The following story is a guest post by Benjamin Dancer. Benjamin Dancer wrote the novels Patriarch Run, In Sight of the Sun, and Fidelity. The Parthenon is an excerpt from his new novel A Tale of Shame and Grace, a story about a mother and her teenage daughter. You can learn more at BenjaminDancer.com.
Teri was nursing her baby when her elder self knocked on the door to the attic room.
“Can I come in?” she asked.
“Please.” Teri had been trying to remember something important and the old woman’s attendance was welcome. It was a question posed by her teenage self. “I can’t remember what she said.”
The woman reminded her. “What does she need?”
“Right.” Teri gestured for her to sit beside her on the floor. Her daughter would be graduating high school in the spring, which meant Teri felt late in the question’s pursuit. “A mother,” she remembered the answer now, too. “She needs a mother.”
She had uncovered that truth in the past. But what did it mean? She couldn’t put it to words yet, not precisely; however, she knew it had something to do with herself. That she was in her daughter’s way, and to understand what that meant, she needed to go back in time and ask the teenage version of herself.
The old woman chose to sit on the floor opposite to Teri. “She also needs to destroy her mother.”
“Why?” It hurt to hear her say that. “Why does she want to destroy me?”
The baby was caressing Teri’s naked breast with her tiny hand.
The old woman answered, “Because the teenager is caught between the infant and the woman.”
Teri considered that. The infant was unable to distinguish between herself and her mother. In fact, to the young child the pair were the same being.
“We were propelled,” her elder continued, “by an inexorable force to separate, to become our own woman. That compulsion was as frightening to us as it was to our mother. We were not aware of our fear. It confused us. We knew only the anger.”
“It hurts,” Teri confessed.
“It hurt us then, too.”
“What do I do?”
“How do I embrace anger?”
“The destruction we wrought was necessary. How else could we have constructed a self?”
“She won’t let me in. It feels like she hates me.”
“Just as she hates herself.”
“What does she need?”
“She needs you to let go of your shame so that you can love her.”
“The shame that keeps you from her.”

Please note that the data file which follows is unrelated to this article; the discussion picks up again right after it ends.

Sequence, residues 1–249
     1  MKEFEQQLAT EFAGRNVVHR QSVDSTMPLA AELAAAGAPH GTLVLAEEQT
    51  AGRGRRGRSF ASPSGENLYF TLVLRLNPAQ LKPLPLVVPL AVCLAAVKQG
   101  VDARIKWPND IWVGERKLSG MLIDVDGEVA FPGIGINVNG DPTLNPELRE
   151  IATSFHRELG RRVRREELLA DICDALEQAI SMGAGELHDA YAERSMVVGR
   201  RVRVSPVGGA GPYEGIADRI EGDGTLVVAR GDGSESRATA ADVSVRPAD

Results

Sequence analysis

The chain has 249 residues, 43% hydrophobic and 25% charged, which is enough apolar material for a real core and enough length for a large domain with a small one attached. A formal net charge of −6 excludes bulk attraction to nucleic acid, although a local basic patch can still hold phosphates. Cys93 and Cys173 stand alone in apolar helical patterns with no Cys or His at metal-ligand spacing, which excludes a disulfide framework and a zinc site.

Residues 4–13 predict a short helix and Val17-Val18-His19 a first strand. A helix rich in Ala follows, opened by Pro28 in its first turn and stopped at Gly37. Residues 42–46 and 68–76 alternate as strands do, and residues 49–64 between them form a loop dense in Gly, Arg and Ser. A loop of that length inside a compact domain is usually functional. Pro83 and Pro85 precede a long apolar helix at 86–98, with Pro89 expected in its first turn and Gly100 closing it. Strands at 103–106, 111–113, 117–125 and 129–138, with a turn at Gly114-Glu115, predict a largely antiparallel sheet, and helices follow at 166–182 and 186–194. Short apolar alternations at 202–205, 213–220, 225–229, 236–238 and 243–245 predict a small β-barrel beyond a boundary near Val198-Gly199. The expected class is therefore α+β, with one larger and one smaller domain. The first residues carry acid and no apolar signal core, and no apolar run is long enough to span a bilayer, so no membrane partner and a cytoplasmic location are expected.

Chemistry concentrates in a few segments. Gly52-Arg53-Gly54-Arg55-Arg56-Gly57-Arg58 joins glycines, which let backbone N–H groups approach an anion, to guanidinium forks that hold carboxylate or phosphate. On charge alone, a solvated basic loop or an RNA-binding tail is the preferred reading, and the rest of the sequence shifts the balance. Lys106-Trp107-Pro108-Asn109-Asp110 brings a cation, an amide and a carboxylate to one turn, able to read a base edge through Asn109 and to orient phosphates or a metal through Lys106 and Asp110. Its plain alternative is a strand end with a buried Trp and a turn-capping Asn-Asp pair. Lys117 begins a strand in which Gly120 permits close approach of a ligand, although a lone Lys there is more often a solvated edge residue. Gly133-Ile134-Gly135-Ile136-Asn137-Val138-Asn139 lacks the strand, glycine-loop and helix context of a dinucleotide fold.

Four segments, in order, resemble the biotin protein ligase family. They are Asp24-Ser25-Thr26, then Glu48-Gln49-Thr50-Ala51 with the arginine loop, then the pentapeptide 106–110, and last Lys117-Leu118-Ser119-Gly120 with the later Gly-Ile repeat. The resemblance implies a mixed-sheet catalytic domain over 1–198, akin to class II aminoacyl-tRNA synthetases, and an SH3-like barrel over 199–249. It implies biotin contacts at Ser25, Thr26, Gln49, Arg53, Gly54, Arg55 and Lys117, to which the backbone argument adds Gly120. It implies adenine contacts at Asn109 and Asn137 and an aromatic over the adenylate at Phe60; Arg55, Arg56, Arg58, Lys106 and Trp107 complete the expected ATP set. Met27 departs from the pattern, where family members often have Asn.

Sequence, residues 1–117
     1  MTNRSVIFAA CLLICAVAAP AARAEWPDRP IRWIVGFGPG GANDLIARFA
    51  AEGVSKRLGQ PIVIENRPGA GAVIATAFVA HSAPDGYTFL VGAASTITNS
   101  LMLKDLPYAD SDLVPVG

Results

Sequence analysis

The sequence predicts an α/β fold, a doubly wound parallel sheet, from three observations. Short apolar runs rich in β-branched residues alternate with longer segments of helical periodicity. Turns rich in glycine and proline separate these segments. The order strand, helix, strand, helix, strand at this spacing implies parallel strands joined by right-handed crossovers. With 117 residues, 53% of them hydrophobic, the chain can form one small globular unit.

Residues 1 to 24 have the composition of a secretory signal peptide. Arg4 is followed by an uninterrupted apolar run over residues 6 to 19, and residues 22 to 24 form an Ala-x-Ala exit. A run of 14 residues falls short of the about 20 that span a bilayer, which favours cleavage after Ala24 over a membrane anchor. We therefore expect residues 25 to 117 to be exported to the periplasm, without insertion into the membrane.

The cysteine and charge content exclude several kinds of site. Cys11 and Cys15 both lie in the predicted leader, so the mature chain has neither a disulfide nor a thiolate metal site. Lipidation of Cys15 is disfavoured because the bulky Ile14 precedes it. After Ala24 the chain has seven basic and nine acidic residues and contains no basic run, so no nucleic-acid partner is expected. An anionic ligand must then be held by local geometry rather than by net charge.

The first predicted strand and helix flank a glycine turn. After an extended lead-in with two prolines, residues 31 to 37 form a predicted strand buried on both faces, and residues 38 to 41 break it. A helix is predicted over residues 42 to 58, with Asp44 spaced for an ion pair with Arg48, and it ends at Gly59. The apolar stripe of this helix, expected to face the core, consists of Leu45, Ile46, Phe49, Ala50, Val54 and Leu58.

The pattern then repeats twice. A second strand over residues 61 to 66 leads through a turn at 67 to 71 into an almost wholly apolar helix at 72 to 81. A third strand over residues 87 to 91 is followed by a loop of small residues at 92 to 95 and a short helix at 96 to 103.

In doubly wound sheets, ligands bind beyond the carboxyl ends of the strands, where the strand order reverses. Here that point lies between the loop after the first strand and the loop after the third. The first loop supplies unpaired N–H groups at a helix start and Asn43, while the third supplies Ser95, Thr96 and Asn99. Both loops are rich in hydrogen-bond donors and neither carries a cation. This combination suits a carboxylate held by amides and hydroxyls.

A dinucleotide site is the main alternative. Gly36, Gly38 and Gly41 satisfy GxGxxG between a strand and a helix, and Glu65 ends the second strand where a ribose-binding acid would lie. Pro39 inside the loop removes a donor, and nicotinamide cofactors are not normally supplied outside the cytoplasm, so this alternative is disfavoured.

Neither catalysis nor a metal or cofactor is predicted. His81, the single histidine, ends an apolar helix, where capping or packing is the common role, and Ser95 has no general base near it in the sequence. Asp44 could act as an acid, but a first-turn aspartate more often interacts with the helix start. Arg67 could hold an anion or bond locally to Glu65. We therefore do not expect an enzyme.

“I don’t understand.”
“Look beneath the pain. There is no safety in shame.”
Teri wanted so desperately to know what the old woman meant. There was nothing she wouldn’t do. But the woman’s words seemed obscure.
“You have to stop looking at your own pain. It is the adolescent’s role to see herself as the victim. It is the mother’s role to provide comfort.”
There was a knock at the door.
“To provide comfort you have to be secure.” The old woman stood. “Accept her. Reach out to her from a point of safety and beckon her in.”
The door opened and the attic room was reshaped into the inner chamber of the Parthenon. The frieze of the entablature around the cella narrated the life of a young girl nurtured by a loving mother. She saw her teenage self, a giant as tall as the fluted columns, wielding a great hammer. She was smashing the sculpture. Dust filled the chamber and debris from the crushed marble ricocheted from the white columns and splashed in the reflecting pool. The lintels, themselves, began to crack, threatening a collapse of the roof.
Teri, wearing a gold tunic and helmet, stood at the front of the chamber. Her teenage self stepped into the reflecting pool and raised the hammer against her. Teri was too terrified to lift her shield. She shut her eyes. The teenage girl swung the great hammer and the milled face struck Teri’s left shoulder, shattering the ivory skin. She struck Teri again and the wooden armature split, and with the third strike, her arm broke off.
“She’s an iconoclast,” the old woman reminded Teri. “It’s her job.”
Teri was near despair. “It just hurts so much.”
“Try to see it from her point of view.”
Teri opened her eyes and saw that the marble columns formed a prison, that the entablature her teenage self sought to remake with her hammer told a narrative that did not account for the girl’s own agency. The teenager was no taller than the plinth on which Teri stood and had built a scaffold to reach the frieze. She looked small and vulnerable amidst the formidable architecture of the temple. The girl was hammering against a relief of her mother, but the tool in her hand was rough and not adequate to relate the exquisiteness of her story.
Teri saw the girl’s bravery for what it was. She seemed heroic in her defiance. Teri wanted to give her the tools she needed, but realized that the girl had to make them herself. That hurt. It hurt to see the girl in so much pain. She remembered now how it felt. The violence of her own individuation was terrifying. She had never existed apart from her mother, and in her attempt to do so, it felt as if she was destroying herself. The anger made her feel like a monster, and she was disgusted with her own enmity. There was so much shame.
Teri was weeping when she looked at the old woman. “What can I do for her?”
“Beckon her to safety.”